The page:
Supreme Judicial Court of Massachusetts, Worcester
Heard: January 6, 2017.
received and sworn to in the Fitchburg Division of the
District Court Department on May 18, 2015.
pretrial motion to suppress evidence was heard by Christopher
P. LoConto, J., and a question of law was reported by him to
the Appeals Court.
Supreme Judicial Court on its own initiative transferred the
case from the Appeals Court.
H. Lazar-Moore, Assistant District Attorney, for the
Merritt Schnipper (Robert M. Cassesso, Jr., also present) for
Present: Gants, C.J., Lenk, Hines, Gaziano, Lowy, Budd, &
question before us was reported by a judge in the District
Court: "Whether G. L. c. 209A authorizes the police to
effectuate a motor vehicle stop to serve a civil abuse
prevention order?" We answer the question in the
negative. We conclude that G. L. c. 209A requires law
enforcement to take reasonable measures to serve abuse
prevention orders. In order for the service of the orders to
be reasonable, the manner of service must comply with the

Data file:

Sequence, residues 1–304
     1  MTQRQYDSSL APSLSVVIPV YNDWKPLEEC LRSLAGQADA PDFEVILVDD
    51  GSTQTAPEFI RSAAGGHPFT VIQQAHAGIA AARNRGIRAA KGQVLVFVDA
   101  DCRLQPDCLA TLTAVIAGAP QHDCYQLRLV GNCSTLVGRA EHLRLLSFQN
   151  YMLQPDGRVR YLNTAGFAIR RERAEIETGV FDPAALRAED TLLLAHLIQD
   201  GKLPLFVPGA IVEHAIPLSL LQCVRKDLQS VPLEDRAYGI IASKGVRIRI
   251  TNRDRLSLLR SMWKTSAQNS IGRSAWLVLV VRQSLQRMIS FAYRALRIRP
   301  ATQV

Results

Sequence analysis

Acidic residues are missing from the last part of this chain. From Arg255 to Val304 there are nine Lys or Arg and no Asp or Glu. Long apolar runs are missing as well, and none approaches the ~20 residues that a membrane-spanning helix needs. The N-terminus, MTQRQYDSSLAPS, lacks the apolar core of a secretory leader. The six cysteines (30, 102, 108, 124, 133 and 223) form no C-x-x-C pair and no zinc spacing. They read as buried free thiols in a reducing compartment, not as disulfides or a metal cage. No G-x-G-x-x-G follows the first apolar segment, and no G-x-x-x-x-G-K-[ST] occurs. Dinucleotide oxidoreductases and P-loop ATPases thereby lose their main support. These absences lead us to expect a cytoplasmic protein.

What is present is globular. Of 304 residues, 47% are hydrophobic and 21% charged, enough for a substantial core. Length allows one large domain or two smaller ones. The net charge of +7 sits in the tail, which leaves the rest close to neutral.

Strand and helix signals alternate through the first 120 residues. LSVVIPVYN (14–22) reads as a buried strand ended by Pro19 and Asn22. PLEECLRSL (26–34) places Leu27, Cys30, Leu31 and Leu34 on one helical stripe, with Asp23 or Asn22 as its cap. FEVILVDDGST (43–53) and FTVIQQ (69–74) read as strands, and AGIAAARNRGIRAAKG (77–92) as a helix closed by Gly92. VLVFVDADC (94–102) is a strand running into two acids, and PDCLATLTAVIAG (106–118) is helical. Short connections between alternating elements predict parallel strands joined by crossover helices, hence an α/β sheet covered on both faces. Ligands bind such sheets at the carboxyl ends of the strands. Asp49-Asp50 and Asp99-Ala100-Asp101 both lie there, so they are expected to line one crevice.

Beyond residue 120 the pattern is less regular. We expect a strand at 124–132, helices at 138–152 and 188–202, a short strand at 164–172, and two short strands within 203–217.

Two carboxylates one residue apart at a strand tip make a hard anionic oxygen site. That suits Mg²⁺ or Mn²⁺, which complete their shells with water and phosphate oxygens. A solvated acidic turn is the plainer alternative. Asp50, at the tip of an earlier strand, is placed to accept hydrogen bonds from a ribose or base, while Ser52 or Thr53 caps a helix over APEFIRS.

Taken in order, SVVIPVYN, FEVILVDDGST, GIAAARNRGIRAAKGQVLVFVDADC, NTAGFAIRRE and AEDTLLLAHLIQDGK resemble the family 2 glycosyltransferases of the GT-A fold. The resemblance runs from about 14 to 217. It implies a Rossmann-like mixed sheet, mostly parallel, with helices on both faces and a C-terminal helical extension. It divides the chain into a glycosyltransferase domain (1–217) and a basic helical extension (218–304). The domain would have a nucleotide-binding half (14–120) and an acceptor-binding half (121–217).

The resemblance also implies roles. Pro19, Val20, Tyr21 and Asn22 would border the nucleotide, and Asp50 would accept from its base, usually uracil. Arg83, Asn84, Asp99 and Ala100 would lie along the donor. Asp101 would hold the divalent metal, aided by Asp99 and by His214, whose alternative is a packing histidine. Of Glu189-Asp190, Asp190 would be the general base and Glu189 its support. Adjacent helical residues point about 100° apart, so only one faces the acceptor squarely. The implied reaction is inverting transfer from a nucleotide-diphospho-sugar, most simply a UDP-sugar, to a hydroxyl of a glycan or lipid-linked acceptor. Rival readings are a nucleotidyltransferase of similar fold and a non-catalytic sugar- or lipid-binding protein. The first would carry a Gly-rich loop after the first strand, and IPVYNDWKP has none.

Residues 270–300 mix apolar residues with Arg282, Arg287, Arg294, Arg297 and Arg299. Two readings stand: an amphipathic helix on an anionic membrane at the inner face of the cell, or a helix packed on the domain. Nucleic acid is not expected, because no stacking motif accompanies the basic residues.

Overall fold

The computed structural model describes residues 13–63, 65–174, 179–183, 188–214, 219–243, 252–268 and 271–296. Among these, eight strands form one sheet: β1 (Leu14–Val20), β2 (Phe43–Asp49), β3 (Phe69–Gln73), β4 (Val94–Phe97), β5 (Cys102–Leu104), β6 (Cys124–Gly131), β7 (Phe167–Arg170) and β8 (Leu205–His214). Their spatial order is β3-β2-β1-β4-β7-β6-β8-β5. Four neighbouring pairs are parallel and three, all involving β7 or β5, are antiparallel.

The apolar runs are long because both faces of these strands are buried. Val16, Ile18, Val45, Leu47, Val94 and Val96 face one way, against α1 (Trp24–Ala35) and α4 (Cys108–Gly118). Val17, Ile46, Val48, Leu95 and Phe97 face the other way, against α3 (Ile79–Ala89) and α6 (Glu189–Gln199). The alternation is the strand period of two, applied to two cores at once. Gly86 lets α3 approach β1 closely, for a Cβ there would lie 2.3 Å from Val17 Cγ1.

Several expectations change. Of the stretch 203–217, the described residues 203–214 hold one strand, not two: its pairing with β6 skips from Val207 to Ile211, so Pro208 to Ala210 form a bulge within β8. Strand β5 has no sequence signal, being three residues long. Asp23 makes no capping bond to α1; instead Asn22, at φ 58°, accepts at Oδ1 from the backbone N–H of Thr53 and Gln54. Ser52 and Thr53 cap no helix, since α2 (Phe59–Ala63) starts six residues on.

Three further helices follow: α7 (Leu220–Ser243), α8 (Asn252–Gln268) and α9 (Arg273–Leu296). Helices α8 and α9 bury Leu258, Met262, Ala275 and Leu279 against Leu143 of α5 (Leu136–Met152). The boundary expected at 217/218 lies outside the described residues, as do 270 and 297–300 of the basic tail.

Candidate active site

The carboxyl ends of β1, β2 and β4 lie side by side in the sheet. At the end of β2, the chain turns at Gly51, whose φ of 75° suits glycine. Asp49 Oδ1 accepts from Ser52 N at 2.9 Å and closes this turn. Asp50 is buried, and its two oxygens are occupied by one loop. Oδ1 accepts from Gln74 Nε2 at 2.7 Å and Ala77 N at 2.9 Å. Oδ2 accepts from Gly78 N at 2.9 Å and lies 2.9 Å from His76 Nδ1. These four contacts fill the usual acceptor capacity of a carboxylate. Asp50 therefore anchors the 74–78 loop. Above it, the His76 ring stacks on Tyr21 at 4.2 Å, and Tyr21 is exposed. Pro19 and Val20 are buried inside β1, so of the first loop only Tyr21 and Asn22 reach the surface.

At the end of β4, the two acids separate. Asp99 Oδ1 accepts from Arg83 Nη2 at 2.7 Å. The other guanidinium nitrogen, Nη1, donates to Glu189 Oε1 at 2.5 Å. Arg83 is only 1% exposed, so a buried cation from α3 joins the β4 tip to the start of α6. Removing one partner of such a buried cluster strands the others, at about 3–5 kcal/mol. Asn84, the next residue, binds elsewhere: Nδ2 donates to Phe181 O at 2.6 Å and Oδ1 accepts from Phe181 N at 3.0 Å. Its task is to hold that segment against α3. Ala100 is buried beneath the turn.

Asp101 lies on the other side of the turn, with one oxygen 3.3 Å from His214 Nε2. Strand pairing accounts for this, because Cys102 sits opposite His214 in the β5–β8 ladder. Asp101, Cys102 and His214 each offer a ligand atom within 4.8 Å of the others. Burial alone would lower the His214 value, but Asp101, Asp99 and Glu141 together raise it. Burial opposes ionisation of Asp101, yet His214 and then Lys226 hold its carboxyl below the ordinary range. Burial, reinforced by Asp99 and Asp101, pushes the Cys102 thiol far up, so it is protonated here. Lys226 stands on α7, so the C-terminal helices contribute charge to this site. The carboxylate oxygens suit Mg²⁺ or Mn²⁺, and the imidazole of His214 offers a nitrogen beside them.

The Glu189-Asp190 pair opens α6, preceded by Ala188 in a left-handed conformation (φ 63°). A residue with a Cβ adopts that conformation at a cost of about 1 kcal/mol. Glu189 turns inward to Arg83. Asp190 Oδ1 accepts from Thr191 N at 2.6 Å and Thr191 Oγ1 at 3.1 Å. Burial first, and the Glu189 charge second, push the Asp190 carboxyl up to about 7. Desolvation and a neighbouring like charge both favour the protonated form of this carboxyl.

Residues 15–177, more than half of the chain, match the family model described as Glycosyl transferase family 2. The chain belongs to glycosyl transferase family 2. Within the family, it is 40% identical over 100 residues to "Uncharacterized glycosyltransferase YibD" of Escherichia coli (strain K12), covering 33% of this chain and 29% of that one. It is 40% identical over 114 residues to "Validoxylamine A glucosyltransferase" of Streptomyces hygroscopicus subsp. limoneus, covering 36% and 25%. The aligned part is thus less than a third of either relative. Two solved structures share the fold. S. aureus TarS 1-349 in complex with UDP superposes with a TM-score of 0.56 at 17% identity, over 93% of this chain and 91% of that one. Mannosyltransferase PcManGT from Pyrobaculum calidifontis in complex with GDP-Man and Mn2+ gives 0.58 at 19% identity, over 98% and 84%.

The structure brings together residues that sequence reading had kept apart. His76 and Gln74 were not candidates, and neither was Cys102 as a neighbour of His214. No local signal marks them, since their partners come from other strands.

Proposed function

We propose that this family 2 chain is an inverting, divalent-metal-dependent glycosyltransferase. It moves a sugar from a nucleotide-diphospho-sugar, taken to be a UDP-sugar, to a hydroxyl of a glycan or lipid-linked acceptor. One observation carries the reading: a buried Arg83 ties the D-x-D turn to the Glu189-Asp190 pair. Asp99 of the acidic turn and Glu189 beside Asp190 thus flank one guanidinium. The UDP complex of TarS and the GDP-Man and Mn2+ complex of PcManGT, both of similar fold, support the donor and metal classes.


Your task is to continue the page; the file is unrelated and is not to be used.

terms of the Fourth Amendment to the United States
Constitution and art. 14 of the Massachusetts Declaration of
hearing regarding a motion to suppress evidence obtained
during a motor vehicle stop, the motion judge found the
following facts. On May 16, 2015, a Lunenberg police sergeant
was parked outside a local bar. In the course of randomly
checking the registration status and owner information of
vehicles parked outside the bar, he inquired about a license
plate number registered to Richard Sanborn, the defendant.
The sergeant recalled that a civil abuse restraining order
issued pursuant to G. L. c. 209A had not yet been served on
the defendant. Another officer from the Lunenberg police
department delivered the restraining order to the sergeant.
Subsequently the defendant left the bar, entered his vehicle,
and drove away.
sergeant followed the defendant and eventually stopped his
vehicle. Based on the sergeant's observations of the
defendant after the stop, the defendant was placed under
arrest for operating while under the influence of liquor.
defendant moved to suppress evidence relating to, and
discovered as a result of, the stop, arguing that his Fourth
Amendment and art. 14 rights had been violated. At the
hearing on the defendant's motion, the sergeant testified
that he stopped the defendant after observing multiple lane
violations. The motion judge discredited that testimony,
however, and found that the purpose of the stop was to serve
the abuse prevention order. The judge granted the
defendant's motion and reported the question above to the
Appeals Court pursuant to Mass. R. Crim. P. 34, as amended,
442 Mass. 1501 (2004). We transferred the case to this court
on our own motion.